U.S. solicitor general to resign
U.S. Solicitor General Paul Clement announced yesterday he will resign on June 2, but did not give an indication about future plans. Clement has argued 49 cases before the Supreme Court over the last seven years. No successor has been named, though principal deputy solicitor general Gregory Garre is viewed as likely to close out the Bush administration in an acting position. has this Legal Times story
Judicial commission role expands over time
It has been 10 years since Shelby County began using judicial commissioners to screen suspects arrested and taken to jail. The positions were created to ease jail overcrowding by releasing non-violent suspects who did not pose a flight risk. In the last decade, the number of commissioners has doubled and their role has expanded.
Learn about the commissioners in the Memphis Daily News
Nashville mayor seeks new DNA lab
Metro Nashville Mayor Karl Dean has proposed spending $1 million to build a DNA lab. The metro government currently uses the Tennessee Bureau of Investigation's lab. Metro police say a separate lab would speed up cold case investigations and allow tests in cases where there is not a suspect -- something the TBI normally does not do.
WTVF NewsChannel 5 reports
Experts disagree on Reid's competence
In a competency hearing for death row inmate Paul Dennis Reid that began yesterday, a licensed psychiatrist and a specialist in neuropsychiatry testified for the defense that Reid was incompetent when he waived a post-conviction appeal and decided not to fight a death sentence in one of his cases. A forensic psychiatrist testifying for the prosecution countered that Reid has been making up mental illnesses since 1978 and suffers instead from an anti-social disorder. The Leaf Chronicle reported on the proceeding.

County studies new site for justice center
The Greene County Commission is working on a long-term plan to house more inmates, and voted this week to study whether to build a justice center and county detention center on a new site. Commission members have been trying to come up with a way to deal with jail overcrowding in response to a threat of decertification by the Tennessee Corrections Institute.
The Greeneville Sun reports
Legislative News
Track legislation of interest to Tennessee attorneys
The TBA Action List tracks bills in the General Assembly that the TBA has a direct interest in. This means it has either initiated the legislation, taken a postiion on the bill or has a policy on the issue. The TBA Watch List is a broader list of bills of interest to the Tennessee legal community.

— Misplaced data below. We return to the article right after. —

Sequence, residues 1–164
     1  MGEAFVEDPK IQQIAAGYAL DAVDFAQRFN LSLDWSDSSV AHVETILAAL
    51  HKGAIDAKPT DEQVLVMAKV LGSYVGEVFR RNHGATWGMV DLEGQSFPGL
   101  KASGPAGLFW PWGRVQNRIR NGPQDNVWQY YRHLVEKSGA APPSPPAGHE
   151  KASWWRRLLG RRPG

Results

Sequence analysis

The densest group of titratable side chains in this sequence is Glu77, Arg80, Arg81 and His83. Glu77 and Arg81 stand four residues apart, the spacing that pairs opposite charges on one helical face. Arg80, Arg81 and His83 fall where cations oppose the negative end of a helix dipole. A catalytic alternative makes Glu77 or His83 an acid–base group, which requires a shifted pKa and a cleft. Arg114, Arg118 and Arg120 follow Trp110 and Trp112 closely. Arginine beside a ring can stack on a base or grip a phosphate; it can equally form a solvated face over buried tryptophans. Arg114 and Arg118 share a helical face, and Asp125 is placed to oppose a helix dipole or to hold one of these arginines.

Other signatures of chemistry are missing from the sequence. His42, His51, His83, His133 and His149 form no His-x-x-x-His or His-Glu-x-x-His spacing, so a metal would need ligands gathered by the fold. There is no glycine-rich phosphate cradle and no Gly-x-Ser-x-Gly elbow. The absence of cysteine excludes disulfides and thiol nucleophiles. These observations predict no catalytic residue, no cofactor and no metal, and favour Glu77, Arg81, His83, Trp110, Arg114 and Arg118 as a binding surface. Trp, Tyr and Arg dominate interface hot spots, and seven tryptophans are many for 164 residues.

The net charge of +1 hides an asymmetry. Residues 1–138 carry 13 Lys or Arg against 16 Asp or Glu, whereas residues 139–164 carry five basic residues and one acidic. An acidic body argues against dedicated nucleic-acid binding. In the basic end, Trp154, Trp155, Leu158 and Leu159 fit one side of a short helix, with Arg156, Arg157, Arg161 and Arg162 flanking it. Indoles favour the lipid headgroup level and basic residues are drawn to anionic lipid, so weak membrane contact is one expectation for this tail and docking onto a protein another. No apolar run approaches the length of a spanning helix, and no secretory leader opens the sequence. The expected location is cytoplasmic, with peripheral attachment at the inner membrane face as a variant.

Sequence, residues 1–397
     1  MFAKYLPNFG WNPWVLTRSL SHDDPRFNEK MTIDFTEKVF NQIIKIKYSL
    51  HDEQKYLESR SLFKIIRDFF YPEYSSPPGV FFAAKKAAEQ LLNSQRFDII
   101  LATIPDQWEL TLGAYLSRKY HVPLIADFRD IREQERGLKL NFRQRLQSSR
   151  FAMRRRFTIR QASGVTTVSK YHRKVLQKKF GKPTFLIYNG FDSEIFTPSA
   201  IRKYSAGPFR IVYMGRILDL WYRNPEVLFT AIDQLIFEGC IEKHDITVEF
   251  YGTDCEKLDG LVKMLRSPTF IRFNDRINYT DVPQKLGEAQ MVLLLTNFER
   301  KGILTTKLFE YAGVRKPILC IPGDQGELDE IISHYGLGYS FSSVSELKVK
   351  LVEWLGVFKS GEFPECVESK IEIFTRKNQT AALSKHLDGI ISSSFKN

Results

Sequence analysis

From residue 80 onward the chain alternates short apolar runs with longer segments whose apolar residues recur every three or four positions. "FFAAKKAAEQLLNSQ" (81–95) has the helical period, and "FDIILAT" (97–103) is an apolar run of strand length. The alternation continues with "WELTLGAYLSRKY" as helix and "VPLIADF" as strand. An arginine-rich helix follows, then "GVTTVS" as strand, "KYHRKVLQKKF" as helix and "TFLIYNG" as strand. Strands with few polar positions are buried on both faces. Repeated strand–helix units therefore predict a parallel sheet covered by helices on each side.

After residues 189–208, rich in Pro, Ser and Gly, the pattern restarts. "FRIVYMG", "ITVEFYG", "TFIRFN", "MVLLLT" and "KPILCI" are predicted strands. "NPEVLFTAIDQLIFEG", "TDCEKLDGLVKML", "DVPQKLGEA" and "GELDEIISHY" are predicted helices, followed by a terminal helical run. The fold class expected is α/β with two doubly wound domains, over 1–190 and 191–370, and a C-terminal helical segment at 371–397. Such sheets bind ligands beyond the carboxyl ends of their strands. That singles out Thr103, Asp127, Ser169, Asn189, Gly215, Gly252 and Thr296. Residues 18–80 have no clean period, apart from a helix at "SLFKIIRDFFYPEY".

TBA Bill Tracking Service
Disciplinary Actions
Nashville lawyer reinstated
Newton S. Holiday was reinstated to the practice of law on April 29. Holiday was temporarily suspended on March 5 for failing to respond to a complaint of misconduct. On March 19, he petitioned the court to lift the suspension. Following a hearing on the matter, the Board of Professional Responsibility recommended his reinstatement and the Supreme Court agreed.
Read the BPR announcement
Memphis attorney disbarred
On May 9, William Anthony Helm was disbarred based on 23 complaints of misconduct. The state Supreme Court found that Helm failed to (1) appear or perform on behalf of clients, (2) refund client fees, (3) update his address with the Board of Professional Responsibility, (4) provide notice to clients of a temporary suspension and (5) withdraw from cases following a temporary suspension. The court also ruled that Helm misappropriated funds and abandoned his law practice. In addition to disbarring him, the court ordered Helm to pay the costs of the disciplinary proceeding.
Read the BPR notice
Maryville lawyer censured
The Tennessee Supreme Court censured Charles David Deas on May 9 for neglect and failure to communicate with his client. Deas submitted a conditional guilty plea and agreed to make restitution to the former client.
Read the BPR's press release
Former DA dies
John L. Williams, a former county and state official, died May 9 at his home in Huntingdon. He was 80 years old. Following high school graduation and service in World War II, Williams -- then 22 -- became the youngest circuit court clerk in Tennessee. After studying pre-law at the University of Tennessee and Bethel College, he graduated from the Cumberland School of Law in 1954. Williams practiced law in Huntingdon and in 1966 was elected District Attorney General for the 24th Judicial District. He served in that capacity until 1982. From 1972 to 1973, he was president of the District Attorney General Association. His funeral was held this past Monday at the First United Methodist Church in Huntingdon.
Learn more about Williams from the Carroll County News-Leader
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About this publication: Today's News is a compilation of digests of news reports of interest to Tennessee lawyers compiled by TBA staff, links to digested press releases, and occasional stories about the TBA and other activities written by the TBA staff or members. Statements or opinions herein are those of the authors and do not necessarily reflect those of the Tennessee Bar Association, its officers, board or staff.